By the time we got back to camp, the Airstream seemed rosier, more welcoming, and our woes from the day before forgotten in the excitement of the day. We were in Canyon de Chelly! We fished out the headlamps and Steve lit the old-fashioned propane wall lantern that we’d failed to notice before but actually generated a surprising amount of heat. Our tin can was cozy and getting warmer, and so far everything was intact. We were finally getting in the Airstream groove. We fixed dinner while the girls sat on the couch and entertained themselves with the iPad (technology does come in handy when you are trying to make dinner in a kitchen the size of a closet). Afterwards, it was the usual pre-bedtime ritual, christened on this trip: fire, hot chocolate, marshmallows. And then Steve and I sat outside reading and talking by the fire, while the stars flickered overhead and the fattening moon arced across the sky.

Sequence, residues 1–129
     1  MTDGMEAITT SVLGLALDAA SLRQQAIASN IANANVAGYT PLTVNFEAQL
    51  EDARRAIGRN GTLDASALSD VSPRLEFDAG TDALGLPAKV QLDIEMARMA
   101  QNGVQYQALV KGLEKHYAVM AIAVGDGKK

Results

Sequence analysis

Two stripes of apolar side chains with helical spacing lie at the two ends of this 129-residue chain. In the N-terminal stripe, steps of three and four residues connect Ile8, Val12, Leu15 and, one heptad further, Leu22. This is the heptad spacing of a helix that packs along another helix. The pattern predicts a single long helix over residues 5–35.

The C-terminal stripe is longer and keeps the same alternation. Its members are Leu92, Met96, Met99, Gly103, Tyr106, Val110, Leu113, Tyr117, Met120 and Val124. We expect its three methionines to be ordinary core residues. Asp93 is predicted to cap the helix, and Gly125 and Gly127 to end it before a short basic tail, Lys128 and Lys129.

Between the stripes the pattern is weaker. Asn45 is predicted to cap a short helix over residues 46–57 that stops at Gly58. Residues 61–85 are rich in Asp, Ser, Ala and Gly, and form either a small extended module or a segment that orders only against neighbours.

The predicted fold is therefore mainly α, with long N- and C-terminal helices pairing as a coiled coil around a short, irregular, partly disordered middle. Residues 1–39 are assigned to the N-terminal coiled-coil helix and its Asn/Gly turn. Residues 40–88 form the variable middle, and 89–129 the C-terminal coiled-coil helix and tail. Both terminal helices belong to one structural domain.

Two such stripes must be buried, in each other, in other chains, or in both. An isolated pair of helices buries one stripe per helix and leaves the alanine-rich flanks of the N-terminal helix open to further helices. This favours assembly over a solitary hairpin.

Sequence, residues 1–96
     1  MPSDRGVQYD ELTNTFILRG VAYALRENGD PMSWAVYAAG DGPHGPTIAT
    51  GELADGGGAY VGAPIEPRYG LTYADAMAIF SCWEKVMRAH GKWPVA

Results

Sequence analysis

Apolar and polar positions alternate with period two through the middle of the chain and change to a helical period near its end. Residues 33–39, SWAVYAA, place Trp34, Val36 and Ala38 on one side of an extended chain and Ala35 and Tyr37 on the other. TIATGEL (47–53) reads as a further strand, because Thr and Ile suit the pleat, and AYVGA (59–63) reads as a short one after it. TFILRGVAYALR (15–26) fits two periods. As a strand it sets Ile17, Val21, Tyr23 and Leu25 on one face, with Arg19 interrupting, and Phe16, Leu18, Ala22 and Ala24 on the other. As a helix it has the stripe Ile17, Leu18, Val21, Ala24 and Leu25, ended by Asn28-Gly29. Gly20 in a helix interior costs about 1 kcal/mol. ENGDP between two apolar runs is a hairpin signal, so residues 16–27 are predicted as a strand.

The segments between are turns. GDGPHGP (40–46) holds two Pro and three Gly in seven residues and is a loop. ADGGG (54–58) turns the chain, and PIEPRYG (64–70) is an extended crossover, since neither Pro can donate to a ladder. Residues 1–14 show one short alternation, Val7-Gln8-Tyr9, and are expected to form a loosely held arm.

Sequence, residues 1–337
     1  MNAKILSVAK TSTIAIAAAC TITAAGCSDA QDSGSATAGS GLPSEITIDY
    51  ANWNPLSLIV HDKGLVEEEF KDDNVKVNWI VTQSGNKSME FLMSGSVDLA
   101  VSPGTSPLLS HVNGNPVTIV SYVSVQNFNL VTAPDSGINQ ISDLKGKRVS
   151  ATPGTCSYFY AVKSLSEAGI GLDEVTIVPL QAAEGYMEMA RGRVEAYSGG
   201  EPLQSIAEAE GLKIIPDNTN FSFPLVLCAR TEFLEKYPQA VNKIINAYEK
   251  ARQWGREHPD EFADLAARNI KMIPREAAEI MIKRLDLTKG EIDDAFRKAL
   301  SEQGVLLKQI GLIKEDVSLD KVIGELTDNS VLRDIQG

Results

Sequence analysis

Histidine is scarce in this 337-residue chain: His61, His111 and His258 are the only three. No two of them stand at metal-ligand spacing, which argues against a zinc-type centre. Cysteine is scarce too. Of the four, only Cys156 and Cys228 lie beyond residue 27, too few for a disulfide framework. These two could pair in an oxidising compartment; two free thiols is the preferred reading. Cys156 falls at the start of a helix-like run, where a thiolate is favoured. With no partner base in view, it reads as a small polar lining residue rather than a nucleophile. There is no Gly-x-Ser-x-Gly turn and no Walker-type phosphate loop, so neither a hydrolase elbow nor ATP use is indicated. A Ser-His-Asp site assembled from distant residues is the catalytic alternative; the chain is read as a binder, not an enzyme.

It was warmer in Canyon de Chelly than it had been in Chaco, which means instead of 17 it was maybe 24. We woke just before daybreak to all bodies warm and accounted for, and stuck our head out into the day to find that the campsites around us had filled while we slept: people sleeping in their cars, with the seats pushed back and the engines running. All night. We had oatmeal on the stove and coffee brewing, and the lantern was kicking off some serious heat. Suddenly the Airstream felt very luxurious.